I’ve always preferred chewing my calories rather than drinking them. That said, a few years back, in my health food daze, I became a part-time juicing junkie. Was it worth it?
Every Monday I drank my way through the day. Having slapped down $289 (the money I no longer spent on real food) for a Champion commercial juicer, I juiced up a storm and bottled my own delicious, healthy fruit and vegetable blends from recipes with names like “ginger jolt” and “Popeye’s pop.”
There were some practical downsides — the monster of a machine dominated my countertop, and cleaning the contraption was practically a full-time job. Fresh juice has a short shelf life, so I had to drink up quickly. Nevertheless, on Mondays I filled six 16-ounce juice bottles with healthy vegetable and fruit combinations, dropped them into a cooler and headed to the office.
That lasted two months, tops. My idea had been that this regimen was a balanced approached to a regular juice cleanse. I wasn’t juice-fasting every day, just enough to boost my mental clarity, regulate my digestion and improve my health by removing toxins — the claims made for juice and vegetable fasting. In the end I gave it up because I felt spacey, tired, hungry and headachy every Monday evening.
But maybe it’s worth the headache. Is a break from solid food advisable for reducing toxins and ensuring optimum health and a mental advantage?
Upsides and downsides
We all encounter chemicals in our foods (colorants and preservatives), water (chlorine) and air (carbon monoxide). These toxins build up in the body and cause inflammation and a weakened immune system, making us easy prey for colds, headaches, arthritis and serious illnesses like cancer and heart disease. The theory behind juice cleanses is that when the body is free of the burden of digestion it can better expel the toxins we take in.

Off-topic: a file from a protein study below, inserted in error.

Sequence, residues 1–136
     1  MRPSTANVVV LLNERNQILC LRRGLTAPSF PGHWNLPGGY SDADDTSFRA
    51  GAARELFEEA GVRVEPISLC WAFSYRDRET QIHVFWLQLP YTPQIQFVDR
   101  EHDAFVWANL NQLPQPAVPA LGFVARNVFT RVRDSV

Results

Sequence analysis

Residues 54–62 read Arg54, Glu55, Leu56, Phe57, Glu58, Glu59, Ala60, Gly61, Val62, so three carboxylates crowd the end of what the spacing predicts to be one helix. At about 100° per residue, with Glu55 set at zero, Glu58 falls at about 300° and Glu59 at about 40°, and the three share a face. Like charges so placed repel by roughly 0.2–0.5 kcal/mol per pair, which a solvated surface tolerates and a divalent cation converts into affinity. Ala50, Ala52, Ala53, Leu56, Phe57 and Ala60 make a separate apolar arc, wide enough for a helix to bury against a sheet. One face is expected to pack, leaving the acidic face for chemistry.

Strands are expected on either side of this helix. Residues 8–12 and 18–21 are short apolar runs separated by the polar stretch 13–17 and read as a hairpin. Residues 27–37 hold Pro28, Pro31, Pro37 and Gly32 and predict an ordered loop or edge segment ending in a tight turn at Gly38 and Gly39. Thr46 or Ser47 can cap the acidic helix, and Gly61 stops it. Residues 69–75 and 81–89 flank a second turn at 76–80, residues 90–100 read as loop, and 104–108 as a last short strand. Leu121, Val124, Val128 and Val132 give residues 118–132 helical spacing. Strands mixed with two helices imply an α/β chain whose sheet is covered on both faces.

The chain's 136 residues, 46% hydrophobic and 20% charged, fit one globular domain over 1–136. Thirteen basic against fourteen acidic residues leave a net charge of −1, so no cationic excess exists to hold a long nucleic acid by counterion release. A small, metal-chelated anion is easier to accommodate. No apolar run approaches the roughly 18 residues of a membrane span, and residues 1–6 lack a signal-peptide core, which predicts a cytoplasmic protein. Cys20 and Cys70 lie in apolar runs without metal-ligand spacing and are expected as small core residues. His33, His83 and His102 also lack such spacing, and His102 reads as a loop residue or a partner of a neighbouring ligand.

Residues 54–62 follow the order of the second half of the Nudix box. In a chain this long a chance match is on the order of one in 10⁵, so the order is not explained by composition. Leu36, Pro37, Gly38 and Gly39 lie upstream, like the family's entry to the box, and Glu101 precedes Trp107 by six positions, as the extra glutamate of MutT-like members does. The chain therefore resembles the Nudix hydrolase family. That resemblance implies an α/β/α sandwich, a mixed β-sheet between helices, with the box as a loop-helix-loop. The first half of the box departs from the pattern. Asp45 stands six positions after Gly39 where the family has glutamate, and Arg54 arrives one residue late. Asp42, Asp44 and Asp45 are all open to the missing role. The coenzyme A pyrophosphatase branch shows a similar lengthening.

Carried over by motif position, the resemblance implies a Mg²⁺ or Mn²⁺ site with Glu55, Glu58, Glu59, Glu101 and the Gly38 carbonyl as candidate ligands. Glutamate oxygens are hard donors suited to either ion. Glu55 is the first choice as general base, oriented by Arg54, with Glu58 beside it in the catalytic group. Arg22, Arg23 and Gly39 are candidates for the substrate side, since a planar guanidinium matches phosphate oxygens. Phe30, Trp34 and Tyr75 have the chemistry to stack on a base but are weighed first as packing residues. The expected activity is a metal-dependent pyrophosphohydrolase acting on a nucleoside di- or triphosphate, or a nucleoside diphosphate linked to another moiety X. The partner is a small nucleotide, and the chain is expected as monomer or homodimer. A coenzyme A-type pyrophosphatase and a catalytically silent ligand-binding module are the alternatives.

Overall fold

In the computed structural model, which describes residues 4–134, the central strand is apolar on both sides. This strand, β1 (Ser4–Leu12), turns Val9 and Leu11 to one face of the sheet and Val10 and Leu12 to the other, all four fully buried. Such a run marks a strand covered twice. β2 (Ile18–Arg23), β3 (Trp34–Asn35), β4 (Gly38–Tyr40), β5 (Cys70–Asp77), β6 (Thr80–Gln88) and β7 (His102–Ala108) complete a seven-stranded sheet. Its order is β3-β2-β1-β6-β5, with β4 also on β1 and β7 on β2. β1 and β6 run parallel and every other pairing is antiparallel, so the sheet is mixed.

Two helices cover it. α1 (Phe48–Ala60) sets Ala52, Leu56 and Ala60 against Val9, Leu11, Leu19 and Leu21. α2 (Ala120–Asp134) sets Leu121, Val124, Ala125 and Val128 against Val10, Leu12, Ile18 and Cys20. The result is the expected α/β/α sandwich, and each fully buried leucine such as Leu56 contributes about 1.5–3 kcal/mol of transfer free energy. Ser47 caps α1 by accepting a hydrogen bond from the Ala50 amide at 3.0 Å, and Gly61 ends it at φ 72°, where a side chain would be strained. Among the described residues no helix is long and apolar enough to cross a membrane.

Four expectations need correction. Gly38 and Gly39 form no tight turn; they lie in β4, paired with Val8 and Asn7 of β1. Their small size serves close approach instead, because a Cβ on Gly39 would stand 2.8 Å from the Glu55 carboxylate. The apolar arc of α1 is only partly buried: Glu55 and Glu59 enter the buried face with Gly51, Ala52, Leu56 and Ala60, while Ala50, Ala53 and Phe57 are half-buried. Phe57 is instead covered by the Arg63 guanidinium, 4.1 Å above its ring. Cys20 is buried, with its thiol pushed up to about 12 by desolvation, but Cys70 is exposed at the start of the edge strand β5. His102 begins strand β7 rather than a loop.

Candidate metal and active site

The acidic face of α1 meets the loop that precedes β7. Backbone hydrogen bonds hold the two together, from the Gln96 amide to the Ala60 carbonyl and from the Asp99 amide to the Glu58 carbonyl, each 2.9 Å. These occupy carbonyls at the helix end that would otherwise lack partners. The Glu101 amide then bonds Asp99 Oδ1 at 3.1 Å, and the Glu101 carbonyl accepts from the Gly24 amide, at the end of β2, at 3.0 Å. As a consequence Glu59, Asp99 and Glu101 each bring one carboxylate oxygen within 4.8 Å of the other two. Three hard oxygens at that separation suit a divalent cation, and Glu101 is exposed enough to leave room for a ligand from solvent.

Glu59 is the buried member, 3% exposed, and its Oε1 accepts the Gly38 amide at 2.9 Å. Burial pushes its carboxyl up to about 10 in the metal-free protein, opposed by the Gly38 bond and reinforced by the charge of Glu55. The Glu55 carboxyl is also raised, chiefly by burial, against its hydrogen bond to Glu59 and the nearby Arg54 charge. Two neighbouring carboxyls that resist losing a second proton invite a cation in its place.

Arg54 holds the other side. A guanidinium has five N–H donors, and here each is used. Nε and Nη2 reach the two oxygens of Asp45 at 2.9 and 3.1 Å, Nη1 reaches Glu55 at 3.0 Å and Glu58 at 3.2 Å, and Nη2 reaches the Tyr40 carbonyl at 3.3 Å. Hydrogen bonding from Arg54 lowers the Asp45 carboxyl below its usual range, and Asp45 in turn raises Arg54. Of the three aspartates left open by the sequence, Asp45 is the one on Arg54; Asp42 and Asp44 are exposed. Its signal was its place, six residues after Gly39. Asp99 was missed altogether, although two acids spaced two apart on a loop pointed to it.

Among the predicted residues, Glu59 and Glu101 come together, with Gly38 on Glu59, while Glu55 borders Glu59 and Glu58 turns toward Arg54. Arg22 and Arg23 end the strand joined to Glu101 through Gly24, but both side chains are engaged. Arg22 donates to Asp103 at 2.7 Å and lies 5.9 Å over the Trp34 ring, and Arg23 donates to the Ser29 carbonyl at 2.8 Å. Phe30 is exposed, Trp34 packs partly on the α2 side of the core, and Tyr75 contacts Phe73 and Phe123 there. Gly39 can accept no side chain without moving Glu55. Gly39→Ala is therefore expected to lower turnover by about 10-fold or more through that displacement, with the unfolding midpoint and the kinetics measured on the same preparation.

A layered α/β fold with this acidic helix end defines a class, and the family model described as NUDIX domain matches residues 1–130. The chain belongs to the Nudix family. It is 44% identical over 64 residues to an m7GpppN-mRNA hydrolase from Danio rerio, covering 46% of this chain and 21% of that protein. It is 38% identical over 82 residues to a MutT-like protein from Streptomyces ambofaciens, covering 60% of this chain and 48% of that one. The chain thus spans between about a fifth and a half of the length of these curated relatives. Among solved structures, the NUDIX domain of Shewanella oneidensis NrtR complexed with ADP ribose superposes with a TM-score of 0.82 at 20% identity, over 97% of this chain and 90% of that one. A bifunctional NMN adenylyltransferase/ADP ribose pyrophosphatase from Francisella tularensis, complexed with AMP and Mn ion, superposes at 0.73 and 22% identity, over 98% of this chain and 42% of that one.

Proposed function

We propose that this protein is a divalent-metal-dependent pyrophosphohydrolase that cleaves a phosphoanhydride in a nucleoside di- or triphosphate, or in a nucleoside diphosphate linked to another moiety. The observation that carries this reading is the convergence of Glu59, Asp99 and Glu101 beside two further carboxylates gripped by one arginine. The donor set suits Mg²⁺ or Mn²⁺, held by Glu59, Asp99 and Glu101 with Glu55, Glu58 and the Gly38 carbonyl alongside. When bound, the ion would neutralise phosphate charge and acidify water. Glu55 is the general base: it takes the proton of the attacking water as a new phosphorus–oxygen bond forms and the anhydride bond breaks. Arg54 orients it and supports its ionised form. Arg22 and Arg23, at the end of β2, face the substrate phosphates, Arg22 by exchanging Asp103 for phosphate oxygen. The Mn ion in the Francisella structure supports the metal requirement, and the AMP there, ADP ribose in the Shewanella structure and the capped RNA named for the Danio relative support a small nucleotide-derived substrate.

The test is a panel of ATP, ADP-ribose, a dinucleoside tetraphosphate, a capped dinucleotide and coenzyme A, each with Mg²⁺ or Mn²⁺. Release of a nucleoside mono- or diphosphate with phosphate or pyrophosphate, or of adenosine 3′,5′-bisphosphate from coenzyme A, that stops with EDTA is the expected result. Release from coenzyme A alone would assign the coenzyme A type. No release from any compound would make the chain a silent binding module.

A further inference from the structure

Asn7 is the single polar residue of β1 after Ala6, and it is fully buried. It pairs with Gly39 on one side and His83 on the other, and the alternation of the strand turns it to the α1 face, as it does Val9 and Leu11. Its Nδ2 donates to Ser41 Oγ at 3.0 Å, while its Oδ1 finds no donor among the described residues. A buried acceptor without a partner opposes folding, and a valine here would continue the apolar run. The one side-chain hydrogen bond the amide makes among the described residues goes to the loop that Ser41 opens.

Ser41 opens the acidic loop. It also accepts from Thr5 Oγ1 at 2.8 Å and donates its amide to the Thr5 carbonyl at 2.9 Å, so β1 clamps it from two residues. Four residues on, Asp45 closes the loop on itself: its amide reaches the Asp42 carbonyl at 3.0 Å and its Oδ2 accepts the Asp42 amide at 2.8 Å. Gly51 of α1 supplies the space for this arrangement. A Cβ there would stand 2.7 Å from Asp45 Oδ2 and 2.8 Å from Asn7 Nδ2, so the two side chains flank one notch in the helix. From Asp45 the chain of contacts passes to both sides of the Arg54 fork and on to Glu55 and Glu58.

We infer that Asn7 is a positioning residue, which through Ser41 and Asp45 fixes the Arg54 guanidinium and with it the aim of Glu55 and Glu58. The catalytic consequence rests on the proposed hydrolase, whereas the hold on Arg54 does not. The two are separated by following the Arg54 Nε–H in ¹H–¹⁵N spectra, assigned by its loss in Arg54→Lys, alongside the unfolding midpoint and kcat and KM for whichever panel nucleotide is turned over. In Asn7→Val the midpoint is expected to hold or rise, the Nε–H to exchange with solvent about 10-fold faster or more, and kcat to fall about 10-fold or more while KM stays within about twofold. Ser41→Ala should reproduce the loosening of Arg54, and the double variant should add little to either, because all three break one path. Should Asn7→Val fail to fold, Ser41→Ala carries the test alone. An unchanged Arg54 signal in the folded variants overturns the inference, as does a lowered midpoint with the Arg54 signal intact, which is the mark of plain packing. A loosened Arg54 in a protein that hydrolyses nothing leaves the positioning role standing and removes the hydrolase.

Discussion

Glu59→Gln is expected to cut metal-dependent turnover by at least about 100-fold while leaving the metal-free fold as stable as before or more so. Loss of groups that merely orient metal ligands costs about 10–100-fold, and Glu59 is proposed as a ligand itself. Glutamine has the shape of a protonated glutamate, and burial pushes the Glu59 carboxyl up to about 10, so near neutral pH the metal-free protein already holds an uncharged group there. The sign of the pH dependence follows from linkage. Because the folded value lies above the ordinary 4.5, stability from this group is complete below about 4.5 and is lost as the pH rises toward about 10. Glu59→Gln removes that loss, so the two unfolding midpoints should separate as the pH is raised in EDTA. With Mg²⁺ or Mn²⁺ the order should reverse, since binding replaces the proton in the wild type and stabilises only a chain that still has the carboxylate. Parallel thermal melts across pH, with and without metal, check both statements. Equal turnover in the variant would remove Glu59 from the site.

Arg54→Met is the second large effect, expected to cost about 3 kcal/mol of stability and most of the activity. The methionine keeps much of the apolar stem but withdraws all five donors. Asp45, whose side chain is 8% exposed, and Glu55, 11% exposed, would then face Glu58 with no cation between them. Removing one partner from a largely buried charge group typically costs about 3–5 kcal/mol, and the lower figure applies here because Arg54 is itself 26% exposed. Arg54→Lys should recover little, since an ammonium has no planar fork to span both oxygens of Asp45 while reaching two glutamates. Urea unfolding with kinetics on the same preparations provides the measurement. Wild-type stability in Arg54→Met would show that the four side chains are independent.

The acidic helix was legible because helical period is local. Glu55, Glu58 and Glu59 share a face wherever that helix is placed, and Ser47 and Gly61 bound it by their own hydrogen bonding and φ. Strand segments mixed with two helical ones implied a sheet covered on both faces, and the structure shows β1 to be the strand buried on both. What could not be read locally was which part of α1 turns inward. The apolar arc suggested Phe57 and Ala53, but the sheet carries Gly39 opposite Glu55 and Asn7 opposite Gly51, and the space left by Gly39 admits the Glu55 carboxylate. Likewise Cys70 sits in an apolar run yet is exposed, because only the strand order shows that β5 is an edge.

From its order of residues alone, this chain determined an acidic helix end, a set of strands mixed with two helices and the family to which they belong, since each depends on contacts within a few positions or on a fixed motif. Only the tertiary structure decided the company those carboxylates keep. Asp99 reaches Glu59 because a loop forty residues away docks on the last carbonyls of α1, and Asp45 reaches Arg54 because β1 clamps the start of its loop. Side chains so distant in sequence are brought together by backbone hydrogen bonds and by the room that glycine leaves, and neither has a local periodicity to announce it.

But some experts, myself included, believe we cleanse all the time if we eat and live properly. Cut back on booze and processed, sugary junk foods and give up cigarettes. Make sure you get enough sleep and exercise, and eat a diet rich in whole foods like fruits, vegetables, nuts and seeds, lean proteins and whole grains.
Juices are a great way to get your greens without eating fistfuls of kale and spinach. But be wary of unreasonable claims like increased mental function from juice intake. Intensified amounts of vitamins and minerals are great, but they do not make up for the brain nutrition provided by the healthy lean protein and fat in whole foods. Juices also lack fiber, which acts like a scrub brush for the digestive tract.
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Go for a balanced approach
The bottom line: Elaborate juicing is not required to reap the benefits of whole foods. These days I drink juice as one component of a healthy diet. Occasionally, I dust off the Champion and mix up some delicious homemade juices. One of my favorite cocktails is a cranberry spritzer — a splash of sugar-free cranberry juice concentrate, crushed ice, sparkling water and a twist of lime. Cranberries, well-known for fighting off urinary tract infections and periodontal disease, are a great source of antioxidants and other plant chemicals that help prevent cancer and cardiovascular disease.
More often, though, I grab prepared juices that are full of vitamins and nutrients and available in health food stores and supermarkets. Brands I like include Drink Chia, Naked Juice and Odwalla Fruit Smoothies. Look for 100 percent juice with no added sugar, sodium or artificial ingredients, and aim for drinks sweetened with the stevia plant rather than artificial sweeteners.
Read more in my book, The French Twist: 12 Secrets of Decadent Dining and Natural Weight Management.